- Jesus was a liberator of the poor. Liberation theologians think Jesus showed a ‘preferential option for the poor’ – means that although he came to help everyone, he gave special time and attention to poor people.
- All Christians accept this. However, what is unique about liberation theologians is taking inspiration from Marx. They think Marx was correct about economics – that the cause of wealth inequality is the structure of the economy that capitalism causes – separating people into different classes – workers and owners.
- The solution to poverty is therefore to change the structure of the economy. If you’re a Christian but also think Marx was correct about economics, then you would think that your duty to help the poor includes marxist or left-wing economic policy.
- For example, Jesus said it is harder for a camel to pass through the eye of a needle than a rich person to enter heaven, he said do not store up riches on earth, instead store up riches in heaven – he said if you want to be perfect, sell all that you have and give it to the poor.
- Jesus does sound like an anti-captialist liberator of the poor in those quotes.
- Kloppenberg pointed out that Jesus’ teachings on wealth were aimed at individual people out of concern for their own salvation – they were not aimed at the structures of the society/economy itself.
- Furthermore, there are lots of verses where Jesus seems to be against politics in general.
- In Jesus’ time, Jews were forced to pay an unjust tax due to occupation by the romans – the pharisees asked Jesus whether they should pay the tax – they were trying to trap Jesus, if Jesus said yes he would appear a sell-out to the romans but if he said no, he might be arrested.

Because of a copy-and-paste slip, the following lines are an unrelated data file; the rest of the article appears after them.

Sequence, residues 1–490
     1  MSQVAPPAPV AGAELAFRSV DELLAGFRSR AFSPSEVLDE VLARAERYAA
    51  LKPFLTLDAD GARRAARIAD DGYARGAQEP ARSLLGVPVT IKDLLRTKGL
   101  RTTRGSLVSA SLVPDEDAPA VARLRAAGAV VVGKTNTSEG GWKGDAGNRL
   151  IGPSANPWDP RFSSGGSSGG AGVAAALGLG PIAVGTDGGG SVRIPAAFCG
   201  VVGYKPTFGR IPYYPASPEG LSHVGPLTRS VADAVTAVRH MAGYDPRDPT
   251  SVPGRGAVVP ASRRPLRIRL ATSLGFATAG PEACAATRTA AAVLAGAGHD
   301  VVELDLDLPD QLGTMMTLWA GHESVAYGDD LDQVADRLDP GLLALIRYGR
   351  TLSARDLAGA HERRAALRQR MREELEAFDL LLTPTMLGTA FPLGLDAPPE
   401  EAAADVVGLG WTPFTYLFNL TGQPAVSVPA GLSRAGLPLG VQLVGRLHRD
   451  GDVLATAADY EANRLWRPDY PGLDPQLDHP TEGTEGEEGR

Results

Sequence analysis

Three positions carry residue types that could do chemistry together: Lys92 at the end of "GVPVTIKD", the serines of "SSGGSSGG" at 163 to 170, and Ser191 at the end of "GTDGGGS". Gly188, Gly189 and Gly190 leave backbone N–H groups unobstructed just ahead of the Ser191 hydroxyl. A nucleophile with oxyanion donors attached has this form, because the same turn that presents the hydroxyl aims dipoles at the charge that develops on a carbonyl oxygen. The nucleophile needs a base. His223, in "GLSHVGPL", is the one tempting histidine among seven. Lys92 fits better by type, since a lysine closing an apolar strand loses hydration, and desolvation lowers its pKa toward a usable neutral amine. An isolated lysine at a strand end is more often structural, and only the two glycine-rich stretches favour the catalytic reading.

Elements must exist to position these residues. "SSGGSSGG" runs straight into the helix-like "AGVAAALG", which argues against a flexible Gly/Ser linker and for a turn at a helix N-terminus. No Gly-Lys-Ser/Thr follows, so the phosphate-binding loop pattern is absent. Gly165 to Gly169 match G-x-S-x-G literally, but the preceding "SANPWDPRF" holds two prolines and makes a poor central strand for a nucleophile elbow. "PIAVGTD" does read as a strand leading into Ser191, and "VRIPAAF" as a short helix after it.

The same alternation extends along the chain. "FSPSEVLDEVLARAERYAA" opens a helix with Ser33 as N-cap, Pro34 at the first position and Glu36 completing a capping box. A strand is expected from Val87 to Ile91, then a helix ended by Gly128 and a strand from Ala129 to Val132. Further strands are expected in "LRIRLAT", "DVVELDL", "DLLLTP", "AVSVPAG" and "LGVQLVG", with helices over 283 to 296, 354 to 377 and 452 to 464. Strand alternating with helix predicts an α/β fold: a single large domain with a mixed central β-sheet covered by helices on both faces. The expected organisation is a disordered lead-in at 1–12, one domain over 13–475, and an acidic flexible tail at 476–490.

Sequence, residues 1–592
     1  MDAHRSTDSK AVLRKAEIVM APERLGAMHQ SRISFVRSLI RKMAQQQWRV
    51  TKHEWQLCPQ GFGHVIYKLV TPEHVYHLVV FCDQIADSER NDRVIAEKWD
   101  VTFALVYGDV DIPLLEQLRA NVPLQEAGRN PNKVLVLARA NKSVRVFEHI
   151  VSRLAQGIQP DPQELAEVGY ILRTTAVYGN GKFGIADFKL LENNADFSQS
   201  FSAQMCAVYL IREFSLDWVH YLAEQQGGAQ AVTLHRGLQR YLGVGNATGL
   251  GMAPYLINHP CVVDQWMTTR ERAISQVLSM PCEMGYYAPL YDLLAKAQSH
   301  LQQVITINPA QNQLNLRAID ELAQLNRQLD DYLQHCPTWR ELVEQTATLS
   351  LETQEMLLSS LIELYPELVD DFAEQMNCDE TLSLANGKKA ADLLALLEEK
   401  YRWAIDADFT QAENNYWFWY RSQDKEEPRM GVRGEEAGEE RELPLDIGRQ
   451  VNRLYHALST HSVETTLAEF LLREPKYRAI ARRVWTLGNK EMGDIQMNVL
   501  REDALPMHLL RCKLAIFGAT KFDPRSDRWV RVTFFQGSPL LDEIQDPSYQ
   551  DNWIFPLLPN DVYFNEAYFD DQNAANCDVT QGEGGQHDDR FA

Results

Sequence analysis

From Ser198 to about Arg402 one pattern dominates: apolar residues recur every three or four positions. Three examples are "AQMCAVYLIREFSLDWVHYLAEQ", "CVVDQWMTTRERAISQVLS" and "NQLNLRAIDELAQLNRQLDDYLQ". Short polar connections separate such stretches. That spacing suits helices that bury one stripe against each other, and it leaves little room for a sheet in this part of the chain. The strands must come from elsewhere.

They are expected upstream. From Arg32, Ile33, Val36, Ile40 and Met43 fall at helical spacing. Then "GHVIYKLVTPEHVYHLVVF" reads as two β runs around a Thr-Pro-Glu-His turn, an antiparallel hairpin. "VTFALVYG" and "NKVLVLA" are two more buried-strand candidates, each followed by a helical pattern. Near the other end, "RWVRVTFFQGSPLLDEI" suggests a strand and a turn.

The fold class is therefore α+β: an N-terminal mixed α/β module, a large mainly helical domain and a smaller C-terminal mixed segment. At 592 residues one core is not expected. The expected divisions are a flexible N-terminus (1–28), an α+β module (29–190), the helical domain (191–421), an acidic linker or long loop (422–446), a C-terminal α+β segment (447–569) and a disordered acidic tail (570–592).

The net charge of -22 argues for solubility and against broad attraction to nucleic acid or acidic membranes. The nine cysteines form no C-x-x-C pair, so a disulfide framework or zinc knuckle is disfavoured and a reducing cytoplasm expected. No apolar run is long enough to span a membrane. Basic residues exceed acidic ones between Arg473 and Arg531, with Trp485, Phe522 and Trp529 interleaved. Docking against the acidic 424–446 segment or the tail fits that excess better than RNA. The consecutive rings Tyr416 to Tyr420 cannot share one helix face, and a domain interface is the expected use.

- Jesus pointed to the fact that the coins had the face of Caeser on them – and said “give unto caesar what is caesar’s and unto God what is God’s”.
- Jesus is saying pay the tax, but he said it in clever way to avoid the trap – but only by suggesting that there is a radical disconnect between the concerns of God and the political/economic concerns of our society. This quote is devastating for liberation theologians because it was specifically about whether we should resist an economic injustice – an unjust tax. Jesus suggests it’s not God’s concern.
- So, Jesus does not seem like a liberator of the poor
- Ruether’s golden thread argument
- Ruether pointed out that the Bible contains both sexist but also pro-liberation passages.
- Jesus does many ‘pro-feminist’ things – he saved the woman from being stoned for adultery, he healed the woman who had been mensturally bleeding for 12 years, etc.
- Ruther argues that the sexist parts and the pro-liberation/feminist parts are inconsistent with each other – they cannot both be the word of God.
- The sexist parts must have been added by humans due to influence from the patriarchal culture of their time.
- So, we should just get rid of the sexist parts of the Bible.
- Her argument is based on interpreting Jesus’ actions as pro-feminist/liberation.
- Ruether’s argument depends on the claim that Jesus’ actions are best interpreted as pro-liberation, however there are many passages where Jesus seems to be apolitical.
- At his trial, Jesus said ‘My kingdom is not of this world’, which seems to suggest that the kingdom of God is unrelated to the politics of kingdoms in this world.
- Pope John Paul II draws on this verse, arguing that overly focusing on earthly socio-economic progress is “anthropocentric”, meaning human-focused. This leads to secularization and a lack of genuine spirituality. Focusing on our earthly socio-economic needs seems to inspire a tendency to focus less on our more transcendent spiritual needs and purpose.